A visionary creator, Jean Prouvé came to architecture indirectly: the production of technically innovative housing components led him to overall building design and the honing of construction methods. The resulting principles were put to work in response to France’s postwar reconstruction drive and the need for affordable, mass-produced housing.
Commitment to reconstruction and research into the potential of the axial portal frame system had in fact begun in 1938, when the Ateliers Jean Prouvé patented a “demountable metal-frame structure” using an 8 square meter (26.2 feet) module. The size was based on the capacity of the big bending press in the workshop, which machined 4-meter sheets of steel. This technical given meant a minimum area of 64 square meters (689 square feet) per module: a living space acceptable both to the occupants and to the constructor with their interests at heart.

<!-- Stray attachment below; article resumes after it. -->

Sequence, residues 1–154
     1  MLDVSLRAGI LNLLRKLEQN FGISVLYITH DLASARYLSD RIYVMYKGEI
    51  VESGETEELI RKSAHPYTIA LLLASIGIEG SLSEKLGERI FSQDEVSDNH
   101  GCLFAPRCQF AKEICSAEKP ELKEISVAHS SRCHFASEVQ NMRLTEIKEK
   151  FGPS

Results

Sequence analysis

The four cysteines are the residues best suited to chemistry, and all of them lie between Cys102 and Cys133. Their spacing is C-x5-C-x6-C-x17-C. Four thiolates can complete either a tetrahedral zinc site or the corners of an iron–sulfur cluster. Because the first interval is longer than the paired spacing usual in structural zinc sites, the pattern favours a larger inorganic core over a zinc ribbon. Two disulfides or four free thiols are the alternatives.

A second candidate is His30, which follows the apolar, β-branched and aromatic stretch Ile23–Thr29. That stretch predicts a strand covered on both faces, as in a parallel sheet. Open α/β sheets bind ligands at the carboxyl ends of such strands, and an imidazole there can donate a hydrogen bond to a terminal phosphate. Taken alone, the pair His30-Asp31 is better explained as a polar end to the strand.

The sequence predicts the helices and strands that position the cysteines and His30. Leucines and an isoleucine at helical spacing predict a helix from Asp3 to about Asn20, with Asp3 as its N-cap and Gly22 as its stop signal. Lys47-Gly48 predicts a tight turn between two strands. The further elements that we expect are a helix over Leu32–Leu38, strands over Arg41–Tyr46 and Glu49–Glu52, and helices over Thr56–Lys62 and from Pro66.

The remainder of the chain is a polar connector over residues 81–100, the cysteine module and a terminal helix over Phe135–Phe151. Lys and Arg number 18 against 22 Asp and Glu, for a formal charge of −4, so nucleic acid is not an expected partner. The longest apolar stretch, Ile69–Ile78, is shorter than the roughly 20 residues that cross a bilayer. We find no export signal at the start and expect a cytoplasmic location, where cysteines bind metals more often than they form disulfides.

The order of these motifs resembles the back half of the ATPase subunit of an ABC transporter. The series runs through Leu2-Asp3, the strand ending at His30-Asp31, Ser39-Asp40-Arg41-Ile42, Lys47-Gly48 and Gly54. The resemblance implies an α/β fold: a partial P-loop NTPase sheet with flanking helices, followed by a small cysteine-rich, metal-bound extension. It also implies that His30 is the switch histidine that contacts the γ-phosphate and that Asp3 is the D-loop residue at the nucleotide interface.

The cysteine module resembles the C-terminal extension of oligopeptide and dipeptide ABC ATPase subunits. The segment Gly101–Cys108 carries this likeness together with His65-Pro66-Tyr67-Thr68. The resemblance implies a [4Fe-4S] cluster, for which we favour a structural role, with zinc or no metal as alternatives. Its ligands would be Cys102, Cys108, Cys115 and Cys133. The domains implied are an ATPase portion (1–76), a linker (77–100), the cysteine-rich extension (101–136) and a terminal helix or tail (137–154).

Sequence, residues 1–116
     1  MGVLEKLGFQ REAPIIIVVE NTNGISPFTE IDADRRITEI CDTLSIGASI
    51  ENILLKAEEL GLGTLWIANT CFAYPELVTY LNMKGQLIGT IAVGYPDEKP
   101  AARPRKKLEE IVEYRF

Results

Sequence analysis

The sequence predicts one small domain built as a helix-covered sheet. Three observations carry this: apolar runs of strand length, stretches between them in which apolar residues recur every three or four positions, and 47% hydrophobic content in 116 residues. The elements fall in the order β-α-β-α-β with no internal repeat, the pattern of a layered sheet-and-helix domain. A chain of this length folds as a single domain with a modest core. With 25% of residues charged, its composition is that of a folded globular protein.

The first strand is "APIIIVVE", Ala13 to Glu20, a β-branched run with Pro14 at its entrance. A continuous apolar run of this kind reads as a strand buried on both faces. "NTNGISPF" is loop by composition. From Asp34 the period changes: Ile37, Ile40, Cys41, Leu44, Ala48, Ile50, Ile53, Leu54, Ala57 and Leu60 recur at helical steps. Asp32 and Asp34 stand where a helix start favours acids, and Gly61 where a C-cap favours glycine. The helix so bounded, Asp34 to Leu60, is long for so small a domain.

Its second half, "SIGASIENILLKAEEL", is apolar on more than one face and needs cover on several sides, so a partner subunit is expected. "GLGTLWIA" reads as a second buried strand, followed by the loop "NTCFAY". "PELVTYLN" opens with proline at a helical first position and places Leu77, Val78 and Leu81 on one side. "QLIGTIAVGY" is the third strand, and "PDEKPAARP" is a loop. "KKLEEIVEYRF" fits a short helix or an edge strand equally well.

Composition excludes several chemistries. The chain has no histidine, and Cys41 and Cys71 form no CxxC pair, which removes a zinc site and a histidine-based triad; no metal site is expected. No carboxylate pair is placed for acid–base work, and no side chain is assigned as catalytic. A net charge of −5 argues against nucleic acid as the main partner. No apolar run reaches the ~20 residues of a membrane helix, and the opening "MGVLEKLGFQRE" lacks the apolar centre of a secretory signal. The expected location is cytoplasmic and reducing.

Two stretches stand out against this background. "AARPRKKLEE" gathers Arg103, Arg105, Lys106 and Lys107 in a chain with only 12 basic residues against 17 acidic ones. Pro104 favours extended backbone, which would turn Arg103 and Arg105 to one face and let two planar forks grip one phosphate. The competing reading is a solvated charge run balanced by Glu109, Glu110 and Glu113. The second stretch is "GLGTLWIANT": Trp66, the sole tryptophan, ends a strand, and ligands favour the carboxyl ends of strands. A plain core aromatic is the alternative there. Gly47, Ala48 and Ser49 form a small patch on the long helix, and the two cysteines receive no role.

In 1944–45, after meticulous transposition of Prouvé’s construction methods to family housing, a number of the 8×8 Demountable Houses were produced, with improvements aimed at greater comfort. The load-bearing structure was made entirely of bent sheet steel, as were the floor joists and the roof, unusually made of slabs. The use of this model for definitive reconstruction led to the manufacture of the Metropole house in 1949.